Lying on Facebook is common — but doing so could cause paranoia and memory problems.
A poll has found that two-thirds of web users distort the truth on their online profiles — ranging from small fibs about what they’ve been up to, through to much bigger ones like invented relationships and holidays. A fifth of people between 18 and 24 said their profiles bear no resemblance to reality.
But the lying can cause strain, as users attempt to keep up with the lies they have told and live up to the image that they project. Three out of ten users, for example, said that they couldn’t live up to the idea of themselves that they project online, according to a poll from online diary site Pencourage.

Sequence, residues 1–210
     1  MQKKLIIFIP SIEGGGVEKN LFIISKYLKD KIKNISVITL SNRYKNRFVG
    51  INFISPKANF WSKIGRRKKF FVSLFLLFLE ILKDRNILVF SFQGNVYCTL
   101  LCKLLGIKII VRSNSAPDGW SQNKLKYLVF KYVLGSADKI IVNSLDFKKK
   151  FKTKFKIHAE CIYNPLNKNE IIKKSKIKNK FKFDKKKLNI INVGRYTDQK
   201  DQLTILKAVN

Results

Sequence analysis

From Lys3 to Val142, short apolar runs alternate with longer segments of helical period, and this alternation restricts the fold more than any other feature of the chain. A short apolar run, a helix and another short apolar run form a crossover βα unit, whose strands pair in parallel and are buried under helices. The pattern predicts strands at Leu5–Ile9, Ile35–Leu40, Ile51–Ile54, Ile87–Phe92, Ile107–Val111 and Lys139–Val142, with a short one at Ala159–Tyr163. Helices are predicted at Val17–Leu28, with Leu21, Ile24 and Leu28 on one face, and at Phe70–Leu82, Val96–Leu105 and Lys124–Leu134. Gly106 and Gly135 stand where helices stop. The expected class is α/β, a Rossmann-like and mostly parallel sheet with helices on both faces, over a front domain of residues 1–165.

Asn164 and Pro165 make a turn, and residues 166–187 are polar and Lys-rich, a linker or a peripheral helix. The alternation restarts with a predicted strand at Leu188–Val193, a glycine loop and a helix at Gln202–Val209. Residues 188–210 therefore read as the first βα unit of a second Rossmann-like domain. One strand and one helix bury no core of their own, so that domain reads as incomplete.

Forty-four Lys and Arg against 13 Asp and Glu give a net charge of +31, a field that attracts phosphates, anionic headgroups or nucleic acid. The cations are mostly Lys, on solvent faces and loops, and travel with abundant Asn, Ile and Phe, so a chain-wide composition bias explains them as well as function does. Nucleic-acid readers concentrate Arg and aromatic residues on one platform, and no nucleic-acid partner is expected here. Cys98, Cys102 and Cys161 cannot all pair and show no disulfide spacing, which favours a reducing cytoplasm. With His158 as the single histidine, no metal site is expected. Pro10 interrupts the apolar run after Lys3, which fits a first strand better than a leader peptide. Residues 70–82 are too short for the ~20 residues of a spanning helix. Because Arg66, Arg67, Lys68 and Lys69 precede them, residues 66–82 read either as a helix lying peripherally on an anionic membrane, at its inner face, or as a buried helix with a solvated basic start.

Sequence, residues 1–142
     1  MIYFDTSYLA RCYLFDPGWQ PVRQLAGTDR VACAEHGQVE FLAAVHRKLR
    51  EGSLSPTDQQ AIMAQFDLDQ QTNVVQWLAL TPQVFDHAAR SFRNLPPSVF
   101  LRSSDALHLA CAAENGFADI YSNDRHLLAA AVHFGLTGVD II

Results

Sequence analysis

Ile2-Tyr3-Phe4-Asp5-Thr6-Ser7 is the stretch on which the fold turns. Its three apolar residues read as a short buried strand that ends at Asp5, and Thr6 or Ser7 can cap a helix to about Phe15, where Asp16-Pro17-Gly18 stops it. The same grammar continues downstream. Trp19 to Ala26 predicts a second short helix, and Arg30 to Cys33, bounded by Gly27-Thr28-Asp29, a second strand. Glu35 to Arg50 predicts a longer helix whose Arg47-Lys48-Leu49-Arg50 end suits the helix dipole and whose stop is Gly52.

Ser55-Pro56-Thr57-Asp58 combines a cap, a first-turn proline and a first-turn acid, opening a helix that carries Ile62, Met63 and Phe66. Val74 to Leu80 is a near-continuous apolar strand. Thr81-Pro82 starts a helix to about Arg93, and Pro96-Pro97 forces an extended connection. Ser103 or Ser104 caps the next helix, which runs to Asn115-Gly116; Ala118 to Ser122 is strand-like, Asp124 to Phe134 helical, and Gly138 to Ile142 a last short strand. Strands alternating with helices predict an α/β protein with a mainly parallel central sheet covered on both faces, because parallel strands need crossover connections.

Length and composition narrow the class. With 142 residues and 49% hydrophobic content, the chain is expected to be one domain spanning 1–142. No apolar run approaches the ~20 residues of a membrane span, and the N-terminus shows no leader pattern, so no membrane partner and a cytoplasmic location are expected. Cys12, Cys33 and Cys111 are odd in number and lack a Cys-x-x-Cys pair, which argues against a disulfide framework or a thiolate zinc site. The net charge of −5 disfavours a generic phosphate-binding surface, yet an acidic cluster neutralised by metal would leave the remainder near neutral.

And the lies can get mixed up with reality in people’s memory — one in six people in the poll said that their memory of events described on their profile is compromised.
Psychologist Richard Sherry said that the desire to present the best version of yourself is understandable but can bring with it problems.
“The dark side of this social conformity is when we deeply lose ourselves or negate what authentically and compassionately feels to be 'us', to the degree that we no longer recognise the experience, our voice, the memory or even the view of ourselves,” he said, commenting on the study for Pencourage.
“When this starts to happen, feelings of guilt and distaste towards ourselves can create a cognitive trap of alienation and possibly even a sense of disconnection and paranoia.”